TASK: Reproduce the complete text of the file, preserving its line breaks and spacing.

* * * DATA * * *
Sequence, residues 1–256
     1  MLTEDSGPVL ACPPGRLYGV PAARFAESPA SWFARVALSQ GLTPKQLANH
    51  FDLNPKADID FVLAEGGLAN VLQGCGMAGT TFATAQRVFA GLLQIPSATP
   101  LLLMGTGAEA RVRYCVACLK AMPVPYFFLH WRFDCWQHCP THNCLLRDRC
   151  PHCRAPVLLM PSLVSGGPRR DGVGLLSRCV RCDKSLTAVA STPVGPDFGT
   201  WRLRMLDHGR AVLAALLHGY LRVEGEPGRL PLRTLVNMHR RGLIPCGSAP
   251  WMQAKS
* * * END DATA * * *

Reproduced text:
Sequence, residues 1–256
     1  MLTEDSGPVL ACPPGRLYGV PAARFAESPA SWFARVALSQ GLTPKQLANH
    51  FDLNPKADID FVLAEGGLAN VLQGCGMAGT TFATAQRVFA GLLQIPSATP
   101  LLLMGTGAEA RVRYCVACLK AMPVPYFFLH WRFDCWQHCP THNCLLRDRC
   151  PHCRAPVLLM PSLVSGGPRR DGVGLLSRCV RCDKSLTAVA STPVGPDFGT
   201  WRLRMLDHGR AVLAALLHGY LRVEGEPGRL PLRTLVNMHR RGLIPCGSAP
   251  WMQAKS